I am sitting here in a world where this year, I basically have no freight car kits on the go. I have a couple of more freight cars on order, but realistically, more boxcars are not what I need, or freight cars of any kind. I need to finish the scenery on the layout, keep plugging away at buildings, and start making operations paperwork for the freight cars I have so I can invite friends over and actually try to operate the layout and see how that goes. That said, a car I ordered a while ago has come in. I want a model of a GACX Airslide Hopper painted for the “Canadian Doughnut Company Ltd”. I know this car was seen in Toronto, but no idea if it would have ever made it to the Gillett Company Mill. A while back Athearn announced a new run of their GACX 2600 Airflow hoppers, and I had a set of the Black Cat Publishing decals for the CDL car. So I ordered one, knowing I could remove the factory printing from a blank car, and add the decals.
The first thing I do with every car or piece of equipment for the layout is replace the wheels with Code 88 semi-scale wheels, and Kadee 58 scale head couplers. This helps with a bunch of things, in theory, operations as all my cars have the same couplers. I also cut the trip pins off as all my coupling/uncoupling will be done manually. Similarly, for the wheels, using the same wheels means that hopefully any areas where there are issues, when I have to make adjustments, no equipment with different treads causes issues. This is hopefully something that will come home to roost when I actually start operating more (I say that a lot, I really do need to run more trains!).
First up, Couplers and wheels. Swapping out the Athearn Plastic Couplers for Kadee 58 Scale Head, and the Code 110 Wheels for Code 88 semi-finescale wheelsets (I have a supply of pre-painted wheels for when new cars are built or bought).
Moving on from the basic mechanical upgrades, I needed to strip the factory printed lettering to renumber the car, and change build dates and data. To do this, I started with my least noxious chemical, to see if it would work. This being Microscale Micro Sol, a solution intended to help settle newly applied decals. I don’t remember the last time (or if I’ve ever) tried to strip Athearn printing, but I’d head online Micro Sol would soften their printing from a short application. This turned out to be entirely true. In less than a minute, the lettering would start to scrape away with a toothpick. This is, still something you want to be gentle doing, and quick;y clean away the Micro Sol. It also effects the overall coating, and the goal is to not create big patches where the base colour is too distorted. A bit of distortion is OK, as the new lettering and weathering will hide it, but you want to gently scrape away the existing letters as they become soft. You can always apply more Micro Sol after a scrape and wipe up to soften any bits of lettering that are clinging on.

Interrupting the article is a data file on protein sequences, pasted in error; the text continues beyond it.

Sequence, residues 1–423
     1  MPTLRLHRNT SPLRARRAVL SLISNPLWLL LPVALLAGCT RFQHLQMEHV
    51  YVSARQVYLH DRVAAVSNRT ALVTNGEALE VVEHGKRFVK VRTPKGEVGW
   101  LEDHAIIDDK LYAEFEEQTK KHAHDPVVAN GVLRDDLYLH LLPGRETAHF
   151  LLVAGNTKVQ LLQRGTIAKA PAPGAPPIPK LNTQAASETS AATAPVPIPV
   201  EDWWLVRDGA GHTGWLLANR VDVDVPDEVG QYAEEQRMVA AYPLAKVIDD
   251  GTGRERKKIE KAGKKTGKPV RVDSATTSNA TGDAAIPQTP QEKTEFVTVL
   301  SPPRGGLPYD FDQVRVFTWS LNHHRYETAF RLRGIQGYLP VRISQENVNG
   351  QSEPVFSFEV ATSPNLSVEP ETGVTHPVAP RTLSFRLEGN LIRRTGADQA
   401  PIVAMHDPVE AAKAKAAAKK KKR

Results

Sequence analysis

Removing Athearn Genesis lettering with Micro Sol and a Toothpick.
There was a lot more lettering to remove on the sides, but fortunately, with the blank generic GACX car as a base, there was nothing in the way of the “Canadian Doughnut Company Ltd” lettering and logo. the hardest part would be getting these aligned across the car. The decals are printed in parts, designed to provide a gap over the ribs between panels, makes getting them to lie flat easier, keeping everything aligned, harder! I did a combination of things, none of which I got usable pictures of, but using various straight edge rulers and tape, I gave myself alignment lines for each row. I think there are a couple of minor misalignments, but I can live with being close as I have to really squint to see them!
Stripping printed markings from the side, and applying the Black Cat Decals.
Once the decals were down, and had a chance to set, it was back at them with setting solutions and a knife, to poke holes so the Walthers Solvaset could get in beneath and melt away any air pockets. After a few applications, the decals settled down and the carrier film all but disappeared along with any air bubbles caught beneath the decals.
Did this rare car ever actually serve the one mill in Liberty Village? I don’t know, but I know I wanted it as an option for an occasional appearance, and I’m happy with how it came out.
Another one for the “to be weathered” pile. Always something else to do, but for now, at least this quick project of a couple of evenings work is done and looking snazzy prior to being dirtied up!